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Just-as-good Medicine

Less expensive, lower-quality innovations abound in every economic sector—except medicine

David Kent

The rabbi’s eulogy for Sheldon Kravitz solved a minor mystery for my father: what was behind the odd shape of the juice cups he had been drinking from after morning services for the last few years? Adding a bit of levity while praising his thrift and resourcefulness, the rabbi told of how Sheldon purchased, for pennies on the dollar, hundreds of urine specimen cups from Job Lot, that legendary collection of pushcarts in lower Manhattan carrying surplus goods—leftovers, overproduced or discontinued products, unclaimed cargo. At the risk of perpetuating a pernicious cultural stereotype, for men of my father’s generation like Sheldon, raised during the Great Depression, bargain hunting was a contact sport and Job Lot was a beloved arena. My father, too, would respond to the extreme bargains there with ecstatic automatisms of purchasing behavior and come home with all manner of consumer refuse, including, and to my profound dismay, sneakers that bore (at best) a superficial resemblance to the suede Pumas worn and endorsed by my basketball idol, the incomparably smooth Walt “Clyde” Frazier. My father would insist that such items were “just as good” as the name brands. But we, of course, knew what “just as good” really meant.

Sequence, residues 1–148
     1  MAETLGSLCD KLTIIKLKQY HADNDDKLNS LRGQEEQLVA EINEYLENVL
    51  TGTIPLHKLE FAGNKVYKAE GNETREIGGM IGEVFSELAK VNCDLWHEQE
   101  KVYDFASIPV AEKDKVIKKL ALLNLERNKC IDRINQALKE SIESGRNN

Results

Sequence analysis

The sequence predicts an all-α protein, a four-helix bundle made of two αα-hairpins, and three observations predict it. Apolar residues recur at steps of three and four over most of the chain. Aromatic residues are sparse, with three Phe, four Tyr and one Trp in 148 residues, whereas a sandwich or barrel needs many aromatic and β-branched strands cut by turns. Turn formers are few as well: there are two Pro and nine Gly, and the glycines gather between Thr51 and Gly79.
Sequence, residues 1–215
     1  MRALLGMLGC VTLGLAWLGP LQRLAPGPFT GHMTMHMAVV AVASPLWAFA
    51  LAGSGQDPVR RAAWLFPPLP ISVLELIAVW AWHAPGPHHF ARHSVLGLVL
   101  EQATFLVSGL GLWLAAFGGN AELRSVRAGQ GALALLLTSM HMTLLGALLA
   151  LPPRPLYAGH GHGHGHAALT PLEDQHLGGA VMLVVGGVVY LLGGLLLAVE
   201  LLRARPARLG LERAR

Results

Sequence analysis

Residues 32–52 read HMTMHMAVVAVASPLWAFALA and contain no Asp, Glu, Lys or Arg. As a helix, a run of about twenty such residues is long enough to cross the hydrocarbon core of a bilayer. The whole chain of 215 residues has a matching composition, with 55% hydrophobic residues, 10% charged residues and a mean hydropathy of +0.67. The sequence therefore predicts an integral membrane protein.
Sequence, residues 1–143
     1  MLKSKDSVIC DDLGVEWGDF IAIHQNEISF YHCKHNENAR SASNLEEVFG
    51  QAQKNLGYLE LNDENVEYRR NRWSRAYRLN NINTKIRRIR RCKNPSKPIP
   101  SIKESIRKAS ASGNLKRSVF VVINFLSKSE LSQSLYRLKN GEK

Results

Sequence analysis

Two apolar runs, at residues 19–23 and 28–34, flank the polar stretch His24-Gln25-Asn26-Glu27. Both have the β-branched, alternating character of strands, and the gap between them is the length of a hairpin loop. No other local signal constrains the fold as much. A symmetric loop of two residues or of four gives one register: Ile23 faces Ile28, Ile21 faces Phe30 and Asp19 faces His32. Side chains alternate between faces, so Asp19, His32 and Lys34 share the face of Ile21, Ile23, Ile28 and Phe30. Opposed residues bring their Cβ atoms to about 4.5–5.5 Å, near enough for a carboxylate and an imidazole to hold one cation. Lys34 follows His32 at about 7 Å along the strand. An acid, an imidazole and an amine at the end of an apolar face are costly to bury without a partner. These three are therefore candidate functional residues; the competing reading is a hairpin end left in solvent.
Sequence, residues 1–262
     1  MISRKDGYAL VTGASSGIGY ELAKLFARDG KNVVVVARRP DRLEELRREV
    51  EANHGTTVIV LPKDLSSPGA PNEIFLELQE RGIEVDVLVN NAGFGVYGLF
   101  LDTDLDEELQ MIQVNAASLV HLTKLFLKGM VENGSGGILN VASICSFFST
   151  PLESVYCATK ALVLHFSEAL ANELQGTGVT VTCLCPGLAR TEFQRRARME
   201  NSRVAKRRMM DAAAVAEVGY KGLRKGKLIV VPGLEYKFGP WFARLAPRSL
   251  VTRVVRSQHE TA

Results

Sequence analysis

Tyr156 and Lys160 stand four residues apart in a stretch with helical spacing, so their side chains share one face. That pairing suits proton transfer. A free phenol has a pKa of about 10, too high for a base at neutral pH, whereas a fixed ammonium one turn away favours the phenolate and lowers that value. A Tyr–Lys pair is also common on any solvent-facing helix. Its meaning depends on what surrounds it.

In fairness to my father and his friends, from a utilitarian perspective (decidedly not the perspective of pre-adolescents), maximizing the overall good of the family involves economic trade-offs. Money saved from something “just as good” can be reallocated toward items that bring greater benefit than the value sacrificed. Indeed, these types of cost-versus-quality trade-offs are ubiquitous in our economy, and are especially useful when resources are tightly constrained. Those following the long march to health-care reform know that one of the few things beyond argument is that the old approach is unsustainable and threatens to bankrupt the country. Perhaps a little belt tightening and bargain hunting of this sort might make our health-care dollars stretch farther.

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